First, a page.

Fifty miles south of Sacramento in San Joaquin County, the city of Stockton is locked in a housing affordability crisis that has forced its residents out of their homes and onto the street. The county estimates that on any given night, more than 1500 people are the streets or in temporary housing shelters. Many of these people are veterans and individuals with jobs, but their income still isn’t enough to keep up with the rising cost of rent. It’s an all too familiar story.
But a solution is on the horizon.
Funded by cap-and-trade money awarded through the California Climate Investment Program’s Affordable Housing and Sustainable Communities Program, Anchor Village is scheduled to break ground in Stockton in 2016.
Led by Domus Development, Anchor Village will provide 51 much-needed affordable apartments to low-income individuals. In conjunction with San Joaquin County Behavioral Health Services, Anchor Village will also offer permanent supportive housing and social services to support veterans at risk of homelessness and individuals living with mental illness. In 2010, the White House and the U.S. Department of Veteran Affairs issued a plan to end homelessness among veterans by the end of 2015: this building goes far in advancing that goal.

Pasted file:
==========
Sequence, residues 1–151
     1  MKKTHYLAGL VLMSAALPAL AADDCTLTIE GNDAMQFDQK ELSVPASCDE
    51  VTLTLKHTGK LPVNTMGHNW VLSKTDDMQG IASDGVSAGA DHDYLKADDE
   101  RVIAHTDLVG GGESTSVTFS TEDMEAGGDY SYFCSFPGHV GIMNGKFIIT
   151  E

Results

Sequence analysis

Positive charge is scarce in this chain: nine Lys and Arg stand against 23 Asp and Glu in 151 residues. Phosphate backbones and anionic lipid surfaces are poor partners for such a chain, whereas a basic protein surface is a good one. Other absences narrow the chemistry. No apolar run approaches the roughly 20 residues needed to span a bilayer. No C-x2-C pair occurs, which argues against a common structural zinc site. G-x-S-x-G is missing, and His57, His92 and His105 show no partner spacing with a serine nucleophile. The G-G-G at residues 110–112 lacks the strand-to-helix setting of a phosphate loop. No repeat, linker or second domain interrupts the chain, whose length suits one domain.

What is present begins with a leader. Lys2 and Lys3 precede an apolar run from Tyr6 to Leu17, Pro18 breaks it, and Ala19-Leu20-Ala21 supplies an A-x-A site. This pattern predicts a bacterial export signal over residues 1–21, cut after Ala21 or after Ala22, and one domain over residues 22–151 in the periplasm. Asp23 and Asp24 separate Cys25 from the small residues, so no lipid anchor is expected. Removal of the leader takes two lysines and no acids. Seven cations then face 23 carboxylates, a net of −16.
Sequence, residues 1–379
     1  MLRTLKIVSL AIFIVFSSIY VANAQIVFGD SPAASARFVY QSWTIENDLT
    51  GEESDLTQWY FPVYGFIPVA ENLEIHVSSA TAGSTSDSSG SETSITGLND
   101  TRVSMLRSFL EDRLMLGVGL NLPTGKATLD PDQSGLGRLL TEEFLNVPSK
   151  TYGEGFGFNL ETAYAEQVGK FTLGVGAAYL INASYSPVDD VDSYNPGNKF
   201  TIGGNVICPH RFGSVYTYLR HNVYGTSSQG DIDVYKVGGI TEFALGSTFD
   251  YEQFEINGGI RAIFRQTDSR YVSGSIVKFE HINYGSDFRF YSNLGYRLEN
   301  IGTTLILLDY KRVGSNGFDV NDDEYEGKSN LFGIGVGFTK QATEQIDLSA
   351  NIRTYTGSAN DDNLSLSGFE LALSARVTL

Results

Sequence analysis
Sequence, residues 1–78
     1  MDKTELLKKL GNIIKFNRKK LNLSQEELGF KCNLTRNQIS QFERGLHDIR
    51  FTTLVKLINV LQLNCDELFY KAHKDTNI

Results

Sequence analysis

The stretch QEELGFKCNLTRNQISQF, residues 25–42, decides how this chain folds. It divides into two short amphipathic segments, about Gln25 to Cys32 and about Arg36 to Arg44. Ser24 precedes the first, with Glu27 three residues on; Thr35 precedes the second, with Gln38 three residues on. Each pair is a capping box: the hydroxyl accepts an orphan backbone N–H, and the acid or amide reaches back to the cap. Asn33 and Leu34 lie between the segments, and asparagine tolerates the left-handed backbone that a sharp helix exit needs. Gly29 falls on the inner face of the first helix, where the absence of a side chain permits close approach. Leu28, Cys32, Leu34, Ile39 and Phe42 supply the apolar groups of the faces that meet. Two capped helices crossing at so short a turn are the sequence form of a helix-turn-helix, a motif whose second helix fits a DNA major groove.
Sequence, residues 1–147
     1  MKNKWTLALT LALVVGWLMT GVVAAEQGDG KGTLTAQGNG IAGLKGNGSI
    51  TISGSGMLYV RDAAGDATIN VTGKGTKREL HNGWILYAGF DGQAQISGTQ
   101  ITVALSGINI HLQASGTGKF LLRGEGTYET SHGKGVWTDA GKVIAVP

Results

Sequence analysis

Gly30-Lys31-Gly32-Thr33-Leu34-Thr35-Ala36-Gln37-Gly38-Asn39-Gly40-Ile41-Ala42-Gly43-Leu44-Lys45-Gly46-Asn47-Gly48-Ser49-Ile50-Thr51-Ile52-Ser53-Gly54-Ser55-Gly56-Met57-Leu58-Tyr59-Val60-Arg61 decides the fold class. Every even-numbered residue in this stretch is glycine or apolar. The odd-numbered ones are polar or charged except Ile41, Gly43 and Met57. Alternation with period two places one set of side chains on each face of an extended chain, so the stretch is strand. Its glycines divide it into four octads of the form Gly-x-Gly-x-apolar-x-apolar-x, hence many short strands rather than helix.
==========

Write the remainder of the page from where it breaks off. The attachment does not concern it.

Anchor Village will be the first transit-oriented development in the Central Valley to be funded through cap-and-trade. For those residents living in Stockton and working in the Bay Area, reliable transit is close by. Residents will be able to easily walk to the grocery store and take the bus to work or school, so they don’t need to rely on a car to get around. Secure indoor bike storage means people can easily store their bicycles when they are not using them without worrying about theft. Additionally, the building will be designed to LEED Silver standards using sustainable and green materials that limit its impact on the environment.
Anchor Village is one building that houses many solutions. By bringing affordable, clean, sustainable, and beautiful homes to a community in dire need, this development is helping to ease the burdens of income insecurity, veteran homelessness, and a reliance on driving. Above all, Anchor Village offers people the opportunity to live in dignity.
Anchor Village is just one of the 28 projects funded by the state's Affordable Housing and Sustainable Communities Program. To see where these projects are located, and how they're impacting communities throughout California, visit www.ClimateBenefitsCA.org and search Affordable Housing and Sustainable Communities.